- U.S. policy on Taiwan had not changed after President Joe Biden appeared to suggest the United States would defend the island if it were attacked.
- A senior Biden administration official said U.S. "policy with regard to Taiwan has not changed" and analysts said it appeared that Biden had misspoken.
- Washington has long followed a policy of "strategic ambiguity" on whether it would intervene militarily to protect Taiwan in the event of a Chinese attack.
A Biden administration official said on Thursday that U.S. policy on Taiwan had not changed after President Joe Biden appeared to suggest the United States would defend the island if it were attacked, a deviation from a long-held U.S. position of "strategic ambiguity."
In an interview aired by ABC News on Thursday, Biden was asked about the effects of the chaotic U.S. withdrawal from Afghanistan and responses in Chinese media telling Taiwan this showed Washington could not be relied on to come to its defense.
Biden replied that Taiwan, South Korea and NATO were fundamentally different situations to Afghanistan and appeared to lump Taiwan together with countries to which Washington has explicit defense commitments.
"They are … entities we've made agreements with based on not a civil war they're having on that island or in South Korea, but on an agreement where they have a unity government that, in fact, is trying to keep bad guys from doing bad things to them," he said.
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"We have made — kept every commitment. We made a sacred commitment to Article 5 that if in fact anyone were to invade or take action against our NATO allies, we would respond. Same with Japan, same with South Korea, same with – Taiwan. It's not even comparable to talk about that."
A senior Biden administration official said U.S. "policy with regard to Taiwan has not changed" and analysts said it appeared that Biden had misspoken.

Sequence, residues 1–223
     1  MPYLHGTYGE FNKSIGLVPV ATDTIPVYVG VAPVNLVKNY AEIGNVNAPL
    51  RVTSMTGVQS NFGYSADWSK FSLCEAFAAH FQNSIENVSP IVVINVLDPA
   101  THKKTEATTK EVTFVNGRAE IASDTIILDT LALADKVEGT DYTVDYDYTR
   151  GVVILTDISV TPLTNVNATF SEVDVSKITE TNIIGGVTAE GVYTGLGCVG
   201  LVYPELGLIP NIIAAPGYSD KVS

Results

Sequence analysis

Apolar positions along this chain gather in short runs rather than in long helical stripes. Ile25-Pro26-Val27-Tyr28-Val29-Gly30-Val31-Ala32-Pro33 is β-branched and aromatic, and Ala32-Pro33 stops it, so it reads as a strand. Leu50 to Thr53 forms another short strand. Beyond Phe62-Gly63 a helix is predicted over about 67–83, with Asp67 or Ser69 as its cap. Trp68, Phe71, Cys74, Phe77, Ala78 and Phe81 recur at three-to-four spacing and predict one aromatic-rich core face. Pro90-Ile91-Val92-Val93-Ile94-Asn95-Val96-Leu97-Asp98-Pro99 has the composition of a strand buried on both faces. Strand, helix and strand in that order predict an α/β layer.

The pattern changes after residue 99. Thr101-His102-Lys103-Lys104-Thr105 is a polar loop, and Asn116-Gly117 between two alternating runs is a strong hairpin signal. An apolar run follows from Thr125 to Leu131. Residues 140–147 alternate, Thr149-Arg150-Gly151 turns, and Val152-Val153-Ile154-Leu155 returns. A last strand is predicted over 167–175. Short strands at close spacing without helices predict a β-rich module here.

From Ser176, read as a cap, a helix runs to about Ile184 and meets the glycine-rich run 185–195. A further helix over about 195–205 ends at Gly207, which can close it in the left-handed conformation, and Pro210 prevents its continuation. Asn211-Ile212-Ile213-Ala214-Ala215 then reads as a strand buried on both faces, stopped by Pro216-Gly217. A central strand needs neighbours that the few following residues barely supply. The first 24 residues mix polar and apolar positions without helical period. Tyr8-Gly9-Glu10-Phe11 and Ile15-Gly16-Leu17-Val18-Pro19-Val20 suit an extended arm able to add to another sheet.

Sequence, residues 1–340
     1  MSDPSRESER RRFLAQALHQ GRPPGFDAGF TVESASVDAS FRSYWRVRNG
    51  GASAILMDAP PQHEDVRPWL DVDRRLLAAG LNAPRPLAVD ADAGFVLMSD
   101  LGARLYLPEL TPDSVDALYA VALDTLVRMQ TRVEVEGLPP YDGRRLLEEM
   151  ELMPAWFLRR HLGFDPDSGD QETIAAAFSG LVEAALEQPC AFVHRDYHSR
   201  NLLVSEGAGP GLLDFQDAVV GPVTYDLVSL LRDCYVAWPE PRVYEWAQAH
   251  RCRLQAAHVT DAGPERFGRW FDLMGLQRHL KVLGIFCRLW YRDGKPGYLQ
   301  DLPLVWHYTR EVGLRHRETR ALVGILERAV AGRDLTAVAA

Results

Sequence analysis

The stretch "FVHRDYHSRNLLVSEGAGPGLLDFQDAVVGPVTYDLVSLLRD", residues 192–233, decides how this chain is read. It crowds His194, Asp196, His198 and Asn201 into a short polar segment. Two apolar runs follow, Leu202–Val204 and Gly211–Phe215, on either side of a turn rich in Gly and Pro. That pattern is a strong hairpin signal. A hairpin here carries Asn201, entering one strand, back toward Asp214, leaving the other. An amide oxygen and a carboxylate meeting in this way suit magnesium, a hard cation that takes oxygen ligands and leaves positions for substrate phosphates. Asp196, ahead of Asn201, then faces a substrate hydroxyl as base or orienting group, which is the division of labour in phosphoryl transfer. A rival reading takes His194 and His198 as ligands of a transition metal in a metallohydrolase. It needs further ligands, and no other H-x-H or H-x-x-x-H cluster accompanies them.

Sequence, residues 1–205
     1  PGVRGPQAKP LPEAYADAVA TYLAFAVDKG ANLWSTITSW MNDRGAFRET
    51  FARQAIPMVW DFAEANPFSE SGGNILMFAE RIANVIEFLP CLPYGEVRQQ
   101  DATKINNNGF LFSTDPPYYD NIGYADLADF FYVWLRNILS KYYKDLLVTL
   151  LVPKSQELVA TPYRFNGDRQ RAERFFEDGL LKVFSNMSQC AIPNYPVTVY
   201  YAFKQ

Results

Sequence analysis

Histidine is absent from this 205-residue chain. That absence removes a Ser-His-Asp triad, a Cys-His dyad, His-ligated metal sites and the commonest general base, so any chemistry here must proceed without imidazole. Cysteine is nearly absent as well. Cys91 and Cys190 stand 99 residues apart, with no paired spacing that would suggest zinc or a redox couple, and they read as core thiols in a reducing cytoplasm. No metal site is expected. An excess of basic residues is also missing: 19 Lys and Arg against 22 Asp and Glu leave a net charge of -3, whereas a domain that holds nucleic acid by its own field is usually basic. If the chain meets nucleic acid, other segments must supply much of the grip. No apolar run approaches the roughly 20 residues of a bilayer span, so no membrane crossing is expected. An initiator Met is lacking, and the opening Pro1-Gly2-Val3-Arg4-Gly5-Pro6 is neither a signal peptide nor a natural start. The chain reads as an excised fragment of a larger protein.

China's embassy in Washington did not immediately respond to requests for comment.
In Taipei, Presidential Office spokesman Xavier Chang said they had "noted" Biden's comments, and thanked his administration for "continuing to take practical actions" to show the rock solid U.S. commitment to Taiwan, like arms sales.
While Washington is required by law to provide Taiwan with the means to defend itself, it has long followed a policy of "strategic ambiguity" on whether it would intervene militarily to protect Taiwan in the event of a Chinese attack.
Article 5 is a NATO agreement that states that an attack on one member of the alliance is viewed as an attack on all.
South Korea is also a U.S. treaty ally with a mutual defense agreement, but U.S. relations with Chinese-claimed Taiwan have been unofficial since Washington switched diplomatic recognition to Beijing in 1979.
Some prominent U.S. academics and others have argued Washington should give Taiwan a more explicit security guarantee in light of increasing military pressure from Beijing, but Biden's Indo-Pacific policy coordinator, Kurt Campbell, has appeared to reject this, saying in May there were "significant downsides" to such an approach.
Bonnie Glaser, a Taiwan expert at the German Marshall Fund of the United States, called Biden's apparent mischaracterization "unfortunate."
"The U.S. had an Article 5 commitment to Taiwan from 1954 to 1979. The Biden administration isn't considering returning to that commitment, as indicated by public statements by Kurt Campbell."
This week, Republican Senator John Cornyn erroneously said on Twitter that the United States has 30,000 troops in Taiwan, which has not been the case since before 1979.
Biden's national security adviser Jake Sullivan was asked about Taiwan this week and called it a "fundamentally different question in a different context" to Afghanistan.
"We believe our commitment to Taiwan … remains as strong as it's ever been," he said, without specifying what the commitment was.
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